Most people use of a mix of both, and various factors will explain why we lean towards one or the other, with those who have gone through higher education (for example) favouring systemic reasoning.

But Labour recently has become totally dominated by systemic reasoning. We struggle to communicate in any other terms. This has pushed large swathes of the electorate who are more direct, into the arms of Boris Johnson and the conservatives.

But this can can change and the report sets out how we can adjust our policy and messaging to appeal to the people in England in particular who have left the party – without compromising our values or vision.

Thursday, April 14, 2022

About Me

My name is Keiron Marsden, I'm an early-retired husband, father and dog lover, former 
engineering manager, and current Labour Parish Councillor.

As a news and current affairs addict for decades, I have always been interested in politics since Harold Wilson was blathering on about "the pound in your pocket" - although I wasn't old enough then to actually have a pound in my pocket. 

I was born "up North" in Lancashire, in a working class town that would now be referred to as “red wall”, and I've had quite a political journey over the decades - if you're interested you can read about it in My Journey.

I now consider myself a moderate on the centre-left of UK Politics, see My Politics if you're interested the gory details.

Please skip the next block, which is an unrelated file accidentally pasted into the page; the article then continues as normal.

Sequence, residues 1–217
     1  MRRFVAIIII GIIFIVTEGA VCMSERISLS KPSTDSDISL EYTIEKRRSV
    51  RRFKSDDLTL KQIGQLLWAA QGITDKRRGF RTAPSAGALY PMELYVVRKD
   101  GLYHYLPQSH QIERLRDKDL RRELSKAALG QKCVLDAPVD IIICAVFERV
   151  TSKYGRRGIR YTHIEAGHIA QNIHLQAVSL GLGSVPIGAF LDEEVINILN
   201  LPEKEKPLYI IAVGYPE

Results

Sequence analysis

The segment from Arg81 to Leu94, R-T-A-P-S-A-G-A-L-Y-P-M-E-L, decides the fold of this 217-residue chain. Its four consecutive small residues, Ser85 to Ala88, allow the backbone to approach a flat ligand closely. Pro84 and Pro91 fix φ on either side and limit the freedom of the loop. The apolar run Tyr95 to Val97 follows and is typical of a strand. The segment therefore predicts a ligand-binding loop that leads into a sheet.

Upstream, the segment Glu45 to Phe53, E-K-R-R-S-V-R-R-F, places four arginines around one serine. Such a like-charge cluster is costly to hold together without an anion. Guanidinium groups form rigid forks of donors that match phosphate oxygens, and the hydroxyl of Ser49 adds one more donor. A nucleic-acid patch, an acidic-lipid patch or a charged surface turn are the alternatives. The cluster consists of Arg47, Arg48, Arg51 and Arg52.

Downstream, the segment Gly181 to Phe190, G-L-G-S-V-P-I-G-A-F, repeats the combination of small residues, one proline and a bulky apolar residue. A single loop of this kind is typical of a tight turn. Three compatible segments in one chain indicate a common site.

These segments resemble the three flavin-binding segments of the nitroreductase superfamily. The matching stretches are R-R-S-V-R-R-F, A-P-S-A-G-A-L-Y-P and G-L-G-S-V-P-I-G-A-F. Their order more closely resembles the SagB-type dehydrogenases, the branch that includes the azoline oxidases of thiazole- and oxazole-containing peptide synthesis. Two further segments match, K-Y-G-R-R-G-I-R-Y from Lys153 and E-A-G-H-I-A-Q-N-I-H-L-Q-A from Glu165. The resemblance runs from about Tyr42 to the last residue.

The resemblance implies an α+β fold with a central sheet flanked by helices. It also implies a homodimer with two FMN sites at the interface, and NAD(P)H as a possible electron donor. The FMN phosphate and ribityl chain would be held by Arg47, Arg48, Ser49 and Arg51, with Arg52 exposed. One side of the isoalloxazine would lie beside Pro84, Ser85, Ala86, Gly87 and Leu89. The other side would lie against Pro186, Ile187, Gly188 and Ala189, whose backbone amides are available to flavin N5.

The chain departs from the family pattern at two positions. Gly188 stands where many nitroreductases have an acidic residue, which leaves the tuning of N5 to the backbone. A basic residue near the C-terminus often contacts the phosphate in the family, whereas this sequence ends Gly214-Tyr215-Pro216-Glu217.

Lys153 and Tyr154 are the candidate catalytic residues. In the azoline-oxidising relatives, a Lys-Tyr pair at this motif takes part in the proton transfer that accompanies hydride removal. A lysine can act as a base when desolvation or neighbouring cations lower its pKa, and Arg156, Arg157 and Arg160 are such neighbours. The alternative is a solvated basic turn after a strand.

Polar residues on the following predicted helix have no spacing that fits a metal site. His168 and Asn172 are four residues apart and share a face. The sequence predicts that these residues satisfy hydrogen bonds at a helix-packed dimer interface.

My newspapers of choice are the Guardian, which broadly reflects my political views, and the Telegraph, which definitely doesn't - the latter comes under the heading of "know thine enemy".

I joined the Labour Party to make my own small contribution towards the direction it takes, and to help it get there, but I've been a social justice keyboard warrior and digital activist for well over a decade. Post pandemic I'm finally now getting out on the doorstep too, and was delighted and proud to be elected as a Labour Parish Councillor for Stoke Gifford in the May 2023 local elections.

After a stint as Secretary of the Filton & Bradley Stoke Constituency Labour Party I would highly recommend all Labour Party members to attend their Branch and Constituency meetings and get involved.

For why I joined, support, and vote for Labour, see my Why Labour and Labour Vision pages.

If you think you may like to join, see the party's own Why Join Labour and Joining Labour FAQ.

Follow me on X @keironm

Views expressed are my own, and don't necessarily represent the views or position of any organisation or committee that I have been or still am a part of.

Tuesday, March 29, 2022

Labour and the Past, Present and Future of Work


The Labour Party has been successful in the past at offering both change and consensus around a changing economy and world of work. To do so again though, we need the Labour Party needs a clear, positive, vision that can engage with the hopes of workers present and past, young and old.
This vision must be optimistic, focusing on tangible future benefits. 
It must go beyond stale repetitions of what the party is against, and not be hung up on impossible promises to restore what has been lost in previous decades.
Progressive Britain have partnered with a leading academic and trade unionist to publish this paper, which is part of building that vision – setting out how Labour has grasped the politics of work in the past, the challenges of today and the electoral and moral victories than can be won should the party get it right now.